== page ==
Enjoying life, off the hamster wheel
I came across a video from 1978 featuring Jack Nicholson demonstrating a “new” and environmentally responsible car fuel: Hydrogen produced by solar energy. This time last year I put up a post Habitat and Humanity in which I talked about the experience I had in 1976 as a youngster at the Habitat ’76 Forum where it was envisioned a future powered by the sun, winds and oceans – these sources would sustain our modern needs – and we would no longer rely on fossil fuels. There would be lots of green space, peace, and no poverty or hunger. I’m currently in the future Habitat spoke of in 1976, but I don’t see any of these concepts coming true, at least not to any great extent. Nor have our cars gotten significantly more fuel efficient in their use of fossil fuels. Over the past 15 years, we really haven’t seen big changes in fuel economy at all, according to the Energy Information Administration of the US Government: EIA.
Thirty years ago, Jack Nicholson was promoting hydrogen as a viable alternative to fossil fuel. Here’s the video:
What’s happened over the intervening years? Was it “too good to be true”? Why hasn’t the future imagined by the organizers and participants of Habitat in 1976 materialized yet? What is driving humanity to its own demise? Why are the most powerful leaders, and people, of the world perpetuating the things that are killing us and them?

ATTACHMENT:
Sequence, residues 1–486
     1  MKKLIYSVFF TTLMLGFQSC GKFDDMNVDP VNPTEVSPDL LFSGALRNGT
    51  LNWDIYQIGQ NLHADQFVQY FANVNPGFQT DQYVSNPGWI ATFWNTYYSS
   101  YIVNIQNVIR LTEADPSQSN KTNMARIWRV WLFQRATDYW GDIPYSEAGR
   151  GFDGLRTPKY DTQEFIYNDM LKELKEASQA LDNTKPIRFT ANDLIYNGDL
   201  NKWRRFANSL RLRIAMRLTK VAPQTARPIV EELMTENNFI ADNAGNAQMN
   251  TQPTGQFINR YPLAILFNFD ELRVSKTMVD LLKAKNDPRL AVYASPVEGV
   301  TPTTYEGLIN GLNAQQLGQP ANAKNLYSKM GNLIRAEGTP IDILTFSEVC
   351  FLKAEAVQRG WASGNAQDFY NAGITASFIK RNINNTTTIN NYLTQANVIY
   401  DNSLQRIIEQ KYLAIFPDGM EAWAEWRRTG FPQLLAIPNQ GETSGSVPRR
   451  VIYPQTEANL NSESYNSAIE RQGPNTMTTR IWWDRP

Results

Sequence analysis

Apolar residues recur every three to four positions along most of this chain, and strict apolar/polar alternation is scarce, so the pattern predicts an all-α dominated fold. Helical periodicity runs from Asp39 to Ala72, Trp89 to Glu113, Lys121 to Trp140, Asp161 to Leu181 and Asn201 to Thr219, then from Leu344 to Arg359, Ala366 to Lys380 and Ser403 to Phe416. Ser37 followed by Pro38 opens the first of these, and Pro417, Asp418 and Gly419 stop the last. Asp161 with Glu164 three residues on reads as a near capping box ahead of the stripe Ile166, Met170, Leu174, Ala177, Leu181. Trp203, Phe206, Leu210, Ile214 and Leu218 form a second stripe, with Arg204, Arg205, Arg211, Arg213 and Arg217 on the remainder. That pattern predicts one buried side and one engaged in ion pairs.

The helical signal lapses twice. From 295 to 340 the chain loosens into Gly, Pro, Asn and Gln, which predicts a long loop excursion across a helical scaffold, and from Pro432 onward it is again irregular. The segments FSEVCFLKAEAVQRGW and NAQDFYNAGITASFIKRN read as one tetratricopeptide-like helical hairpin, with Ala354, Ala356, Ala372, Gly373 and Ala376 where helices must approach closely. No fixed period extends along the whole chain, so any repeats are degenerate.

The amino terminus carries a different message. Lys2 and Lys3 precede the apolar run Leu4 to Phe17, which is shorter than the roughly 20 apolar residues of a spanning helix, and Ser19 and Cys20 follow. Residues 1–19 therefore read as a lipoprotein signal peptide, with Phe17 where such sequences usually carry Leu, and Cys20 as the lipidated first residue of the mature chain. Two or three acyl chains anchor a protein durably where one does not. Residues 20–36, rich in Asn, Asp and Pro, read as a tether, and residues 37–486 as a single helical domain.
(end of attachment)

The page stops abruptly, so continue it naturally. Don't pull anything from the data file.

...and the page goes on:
I’ve just finished reading a book called “A Short History of Progress” by Ronald Wright. He looks back at humans’ progress and draws unpleasant conclusions for our current and future outlook. Even so, it’s an extraordinarily interesting read, and one I highly recommend. He suggests one of our (human’s) problems is evolutionary, that we’re really no more evolved than we were when we first came together in societal bands, say 10,000 to 20,000 years ago. Greed and competition drives us, and for some reason, we don’t learn to conserve. Yet, we survive. There are now more than six billion of us on this planet. However, there are limits to our planet’s resources. And we’re depleting them.
One of the examples in “A Short History of Progress” of a civilization that went awry is Rapa Nui, otherwise known as Easter Island. Eventually the people on that island over-forested, and without the forest came soil erosion, and with that poor crops and depleted seafood around the shores of the island as a direct result of soil erosion. Eventually, a once thriving, prosperous civilization died out. And, it all happened quite quickly, as chronicled by explorers from Europe who sailed passed the island in their tall ships.
Will our planet Earth, like a solitary island in our solar system, become a desolate wasteland like Rapa Nui, with only our material culture left behind to stand as testimony to our once thriving species? To think of it in terms of thousands of years is daunting, but when I think of my nieces and their kids, and the children who are yet to come in the not too distant future, say in the next 50 years, I wonder what they’ll inherit. Wouldn’t it be nice if they inherited a healthier planet than the one I foresee them getting? I certainly hope so. And hey, maybe they’ll be powering their vehicles with hydrogen. Jack would be proud.